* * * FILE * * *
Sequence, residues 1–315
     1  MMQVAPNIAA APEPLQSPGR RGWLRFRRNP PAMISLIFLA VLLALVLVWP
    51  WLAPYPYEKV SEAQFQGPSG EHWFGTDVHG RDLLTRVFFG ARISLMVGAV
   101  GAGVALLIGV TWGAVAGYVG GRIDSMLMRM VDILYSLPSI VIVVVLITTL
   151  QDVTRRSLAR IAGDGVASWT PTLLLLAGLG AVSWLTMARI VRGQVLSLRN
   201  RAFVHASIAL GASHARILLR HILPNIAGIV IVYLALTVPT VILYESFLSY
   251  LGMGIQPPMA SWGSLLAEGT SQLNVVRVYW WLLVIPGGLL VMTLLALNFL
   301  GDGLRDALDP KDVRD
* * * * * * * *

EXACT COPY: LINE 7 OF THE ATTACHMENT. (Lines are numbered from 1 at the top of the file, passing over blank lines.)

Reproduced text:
   251  LGMGIQPPMA SWGSLLAEGT SQLNVVRVYW WLLVIPGGLL VMTLLALNFL